One thing that constantly sticks out within Kirby and the Forgotten land though is the sheer graphical beauty the game bestows in both handheld and docked modes that’s also incorporated into the level design which is without a doubt some of the best we’ve seen from Nintendo in a very long time, all containing a vibrant and welcoming palette of colors that equal parts accentuates and captivates, all throughout a wide variety of biomes, themes, and scenarios that make each level and world just as memorable as the last. No level ever feels like filler or a boring little side-op, and instead feels like an exciting bonus to an already meaty game that is without a doubt Kirby’s biggest adventure yet. While a lot would still consider it short compared to other AAA games, Kirby is an absolute pleasure through and through to play, and each level or treasure hunt exudes joy no matter how creepy the atmosphere tends to get in some of the darker levels and areas. Even boss fights themselves all feel like such a clever and challenging way to test everything you and Kirby have learned up until that point, while introducing new ideas, moves, and methods of traversal to utilize in future stages. Each boss also stands out much like the levels their worlds associate with, and every single one never outdoes the other and instead feels like an all-star cast of bosses that bring forth some of the best arenas and fights I’ve seen in years.
Kirby and the Forgotten Land in a lot of ways feels like an amalgam of some of the character’s best adventures and moments all compiled into one, while simultaneously bringing forth a refreshing experience that makes the most of the 3D space. Starting off in the luscious greenery of the first world before making your way into the tropics, carnivals, deserts, and more, it’s clear that every aspect was developed with sheer passion and excitement for what they could do with Kirby’s first truly 3D outing and wanting to make the most of it. As if the levels themselves weren’t detailed enough, however, they’re further enrichened thanks to the slew of unlockables and hidden paths within each that reward going off course. Every level is so compelling that you can’t help but dig through what each has to offer, which will almost always naturally cause you to complete objectives within a level without even trying or paying attention to them. I found myself having to repeat a few stages despite my obsession of sifting through them in a thorough manner, so this goes to show that even a keen eye could miss some of the more clever ways Kirby hides certain things and areas for certain tasks, collectibles, and unlockables.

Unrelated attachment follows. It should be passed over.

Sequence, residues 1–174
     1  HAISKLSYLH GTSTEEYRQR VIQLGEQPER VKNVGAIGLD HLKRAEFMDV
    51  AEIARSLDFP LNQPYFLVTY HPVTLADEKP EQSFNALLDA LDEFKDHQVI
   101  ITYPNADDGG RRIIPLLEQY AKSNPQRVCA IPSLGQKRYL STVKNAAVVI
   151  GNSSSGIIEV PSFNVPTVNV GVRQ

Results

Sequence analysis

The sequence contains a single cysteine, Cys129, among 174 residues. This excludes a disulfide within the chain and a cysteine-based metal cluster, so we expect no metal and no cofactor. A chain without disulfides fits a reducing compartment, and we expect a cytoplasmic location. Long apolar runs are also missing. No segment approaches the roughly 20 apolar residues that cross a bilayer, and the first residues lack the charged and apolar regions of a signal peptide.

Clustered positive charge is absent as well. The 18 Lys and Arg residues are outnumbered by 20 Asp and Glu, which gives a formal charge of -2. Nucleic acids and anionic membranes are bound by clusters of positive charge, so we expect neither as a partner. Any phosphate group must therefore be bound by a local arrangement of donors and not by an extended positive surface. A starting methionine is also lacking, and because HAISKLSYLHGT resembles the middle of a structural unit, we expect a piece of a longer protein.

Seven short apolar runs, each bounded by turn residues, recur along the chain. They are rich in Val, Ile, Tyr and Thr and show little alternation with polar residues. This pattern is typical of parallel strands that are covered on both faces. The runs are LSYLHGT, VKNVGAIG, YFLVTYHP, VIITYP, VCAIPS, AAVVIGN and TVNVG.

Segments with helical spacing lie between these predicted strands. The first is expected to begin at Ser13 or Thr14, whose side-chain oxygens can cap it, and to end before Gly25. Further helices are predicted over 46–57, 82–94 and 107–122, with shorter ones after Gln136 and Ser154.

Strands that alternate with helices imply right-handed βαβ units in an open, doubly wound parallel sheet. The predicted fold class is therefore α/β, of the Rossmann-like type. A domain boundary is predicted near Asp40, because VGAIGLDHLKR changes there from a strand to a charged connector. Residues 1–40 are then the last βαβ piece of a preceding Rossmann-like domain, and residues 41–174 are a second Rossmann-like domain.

Overall, Kirby and the Forgotten Land from start to finish is without a doubt one of the best platformers in years, and is such a memorable and joyful time that exudes further happiness through its vibrant levels that are both visually and feature rich. Whether a longtime fan or jumping in for the first time, there’s something here for everyone to enjoy regardless if you’re playing solo or in co-op with a friend or loved one. It’s without a doubt Kirby’s most expansive adventure yet, and though you could run through the game in roughly ten hours, this is still far longer than what a typical entry in the series would take. Those looking to unlock every single thing will likely be looking at double that time. Kirby and the Forgotten Land will no doubt be remembered for years to come and will hopefully set the series’ consistently fun series in a brand new and exciting direction that will see everyone’s favorite pink morphing ball take on even bigger and better adventures that will likely catapult him further to the top of one of Nintendo’s most successful and widely recognizable characters around the world.
Kirby’s new adventure in Kirby and the Forgotten Land shows a growth as big as the character’s Mouthful Mode and pushes the series forward in one of the most refreshing ways while respecting the series’ past. Kirby has always been a character with a consistently fun franchise alongside him, and though he’s stumbled a few times, the new Switch game shows a willingness to evolve. This in turn has given Kirby arguably his greatest outing yet. With gorgeous graphics, sleek gameplay, vibrant, memorable, elaborate levels, and a catchy soundtrack, you can’t help but smile all the way through while playing Kirby and the Forgotten Land. The elegance of design and a willingness to squeeze every part of content out of the game without much pressure to do so also delivers itself as one of the most refined, fulfilling, and arguably greatest platformers in quite some time.
Kirby and the Forgotten Land copy provided by the publisher for the purposes of this review.